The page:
After adopting uniform priors over the 90% credible intervals from the pilot runs, each of the 25 brightest binaries are independently analyzed and the marginalized posteriors on are fit to a Gaussian distribution. Using uniform priors over the 90% credible intervals of the pilot runs, and multiplying Gaussian fits to the posteriors, is a simplified approach to what would be deployed for a production-quality version of this analysis, but is sufficient for exploring the potential for UCBs to function as phase standards in LISA data. Figure 3 shows a representative marginalized posterior on from the MCMC along with the Gaussian fit, demonstrating the consistency between the sampled distribution and the Gaussian approximation.

Figure 3: Example Gaussian fit (black, dashed line) to the marginalized posterior distribution function for (green, solid histogram). The posterior is shifted in time so that the true value is at 0. Fitting the posterior to a Gaussian is a satisfactory approximation for this study. This demonstration used a  mHz source after two months of prior observing.

From the analytic fits to each , the joint distribution on the gap duration from the ensemble of high-frequency, high S/N  binaries is computed as the product of the Gaussian fits to the individual posteriors. The left panel of Figure 4 shows the envelopes for the joint posterior as a function of how many binaries are used in the fit. The four bands correspond to the joint posteriors using the four different prior observing scenarios in this analysis: One month (light blue), two months (dark blue), six months (light green), and twelve months (dark green). From this figure it is apparent that the posterior is converging towards the true value at . The right panel, using the same color scheme, quantifies how the standard deviation () of the joint distribution depends on the number of binaries in the fit, reaching a value between and when 20 binaries are employed in the joint fit, depending on the prior observing time. Note that, should the LISA science data be sampled at or below 1 Hz, the UCB measurement provides sub-sample accuracy on its measurement of the gap duration.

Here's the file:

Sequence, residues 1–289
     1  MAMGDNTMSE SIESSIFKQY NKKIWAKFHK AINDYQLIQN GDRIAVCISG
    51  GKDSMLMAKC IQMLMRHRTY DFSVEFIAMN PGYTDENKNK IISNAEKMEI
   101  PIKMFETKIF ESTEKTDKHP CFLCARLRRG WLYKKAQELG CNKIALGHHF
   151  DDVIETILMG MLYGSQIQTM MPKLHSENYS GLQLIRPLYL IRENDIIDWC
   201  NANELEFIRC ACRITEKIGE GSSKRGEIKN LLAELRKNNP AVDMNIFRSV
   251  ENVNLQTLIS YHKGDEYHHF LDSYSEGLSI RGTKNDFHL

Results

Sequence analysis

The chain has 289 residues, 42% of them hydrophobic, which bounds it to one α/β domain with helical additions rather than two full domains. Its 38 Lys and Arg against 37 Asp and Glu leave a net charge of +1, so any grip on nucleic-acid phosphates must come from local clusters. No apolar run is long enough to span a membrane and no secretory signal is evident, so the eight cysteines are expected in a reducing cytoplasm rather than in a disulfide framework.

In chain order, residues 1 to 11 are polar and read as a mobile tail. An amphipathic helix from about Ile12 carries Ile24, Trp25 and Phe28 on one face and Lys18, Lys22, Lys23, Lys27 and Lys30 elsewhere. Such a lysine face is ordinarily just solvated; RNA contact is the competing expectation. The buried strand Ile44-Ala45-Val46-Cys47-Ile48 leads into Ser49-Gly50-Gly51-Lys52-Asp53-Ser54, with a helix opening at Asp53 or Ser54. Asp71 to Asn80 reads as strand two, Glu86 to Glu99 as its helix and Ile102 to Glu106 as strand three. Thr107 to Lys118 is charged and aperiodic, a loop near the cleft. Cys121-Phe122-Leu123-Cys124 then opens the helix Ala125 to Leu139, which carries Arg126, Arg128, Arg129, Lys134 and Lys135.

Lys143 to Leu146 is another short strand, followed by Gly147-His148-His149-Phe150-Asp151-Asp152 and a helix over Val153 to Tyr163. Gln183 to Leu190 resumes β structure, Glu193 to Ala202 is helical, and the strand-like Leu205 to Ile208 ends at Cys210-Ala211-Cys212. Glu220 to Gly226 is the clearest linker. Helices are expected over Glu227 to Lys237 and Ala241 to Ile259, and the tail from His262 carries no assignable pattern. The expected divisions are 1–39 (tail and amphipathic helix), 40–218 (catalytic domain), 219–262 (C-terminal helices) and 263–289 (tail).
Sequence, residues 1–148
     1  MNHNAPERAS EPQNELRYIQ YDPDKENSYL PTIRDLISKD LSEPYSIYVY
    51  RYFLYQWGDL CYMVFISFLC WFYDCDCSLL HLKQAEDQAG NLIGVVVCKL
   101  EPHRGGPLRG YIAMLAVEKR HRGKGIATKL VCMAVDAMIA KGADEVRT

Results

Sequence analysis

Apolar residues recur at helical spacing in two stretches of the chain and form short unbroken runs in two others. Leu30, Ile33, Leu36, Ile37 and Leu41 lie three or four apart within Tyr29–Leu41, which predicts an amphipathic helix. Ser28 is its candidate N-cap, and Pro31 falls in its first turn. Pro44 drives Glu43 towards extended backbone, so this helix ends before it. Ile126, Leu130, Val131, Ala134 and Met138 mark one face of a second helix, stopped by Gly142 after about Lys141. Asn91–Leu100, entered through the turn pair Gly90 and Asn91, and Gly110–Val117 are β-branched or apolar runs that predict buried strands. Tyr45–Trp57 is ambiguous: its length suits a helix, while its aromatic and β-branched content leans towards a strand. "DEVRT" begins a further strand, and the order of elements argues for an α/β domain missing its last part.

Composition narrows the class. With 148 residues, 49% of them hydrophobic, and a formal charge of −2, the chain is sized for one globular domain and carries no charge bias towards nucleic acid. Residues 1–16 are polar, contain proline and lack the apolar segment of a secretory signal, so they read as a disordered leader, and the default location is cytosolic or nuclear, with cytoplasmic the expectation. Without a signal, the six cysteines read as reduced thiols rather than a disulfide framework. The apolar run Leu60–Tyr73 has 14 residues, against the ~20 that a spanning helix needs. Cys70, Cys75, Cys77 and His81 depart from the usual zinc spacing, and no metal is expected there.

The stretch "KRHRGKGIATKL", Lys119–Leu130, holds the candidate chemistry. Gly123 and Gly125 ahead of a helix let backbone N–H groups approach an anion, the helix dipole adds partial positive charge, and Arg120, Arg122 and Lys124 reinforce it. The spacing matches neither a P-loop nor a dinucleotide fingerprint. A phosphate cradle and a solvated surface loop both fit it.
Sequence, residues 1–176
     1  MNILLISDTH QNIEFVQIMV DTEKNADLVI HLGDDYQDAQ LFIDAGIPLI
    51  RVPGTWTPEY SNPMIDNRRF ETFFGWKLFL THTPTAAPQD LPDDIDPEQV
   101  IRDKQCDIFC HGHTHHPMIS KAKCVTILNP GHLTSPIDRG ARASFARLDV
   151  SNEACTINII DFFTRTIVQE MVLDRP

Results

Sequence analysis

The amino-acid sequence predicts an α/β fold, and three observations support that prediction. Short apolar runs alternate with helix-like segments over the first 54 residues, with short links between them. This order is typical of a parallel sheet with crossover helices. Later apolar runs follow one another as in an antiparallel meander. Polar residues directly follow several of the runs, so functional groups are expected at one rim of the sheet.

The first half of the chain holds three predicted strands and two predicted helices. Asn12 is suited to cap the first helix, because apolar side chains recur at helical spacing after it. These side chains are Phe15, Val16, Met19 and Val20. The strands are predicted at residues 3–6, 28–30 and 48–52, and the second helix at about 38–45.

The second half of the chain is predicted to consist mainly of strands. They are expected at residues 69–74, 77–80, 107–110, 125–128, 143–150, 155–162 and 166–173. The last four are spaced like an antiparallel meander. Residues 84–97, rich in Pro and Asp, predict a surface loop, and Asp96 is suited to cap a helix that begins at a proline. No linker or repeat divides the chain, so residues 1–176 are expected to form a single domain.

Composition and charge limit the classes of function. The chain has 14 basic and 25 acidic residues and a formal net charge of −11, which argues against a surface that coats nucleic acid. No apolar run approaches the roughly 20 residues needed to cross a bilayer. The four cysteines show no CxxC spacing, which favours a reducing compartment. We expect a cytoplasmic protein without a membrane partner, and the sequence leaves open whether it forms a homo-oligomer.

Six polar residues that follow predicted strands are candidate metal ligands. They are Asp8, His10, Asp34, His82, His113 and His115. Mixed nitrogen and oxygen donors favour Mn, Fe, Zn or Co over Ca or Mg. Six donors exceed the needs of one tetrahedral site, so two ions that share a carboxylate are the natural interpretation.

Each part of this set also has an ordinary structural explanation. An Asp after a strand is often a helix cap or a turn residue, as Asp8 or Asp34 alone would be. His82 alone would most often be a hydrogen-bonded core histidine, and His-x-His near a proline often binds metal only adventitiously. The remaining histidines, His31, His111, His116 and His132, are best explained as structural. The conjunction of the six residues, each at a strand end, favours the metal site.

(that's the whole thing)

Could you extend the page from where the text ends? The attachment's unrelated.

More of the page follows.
Figure 4: Left panel: intervals of the joint posterior on the gap duration separating two 1-week segments of data as a function of the number of sources in the fit. The joint posterior converges towards the true value of as the number of sources increases. Different color bands correspond to priors built from one month (light blue) two months (dark blue), six months (light green) and twelve months (dark green) of observing. Right panel: The same results now showing the standard deviation of the joint posterior as a function of the number of sources, reaching 0.2 s (0.1 s) for 1 month (12 months) of prior observing.

Because of the short duration data segments used to fit for the gap duration, constraints derived from the analysis of UCBs will exhibit seasonal variation as the orientation of the LISA constellation changes with respect to the source during the year. To test the impact of these seasonal variations, the analysis is repeated simulating two week segments of data from each quarter of the year and the joint posteriors on are compared after combining the top 25 binaries in the catalog. Figure 5 shows the joint posterior for the different quarters of the year. While the variation is apparent in the results, the fidelity of the constraints are robust to within a factor of throughout the LISA orbit.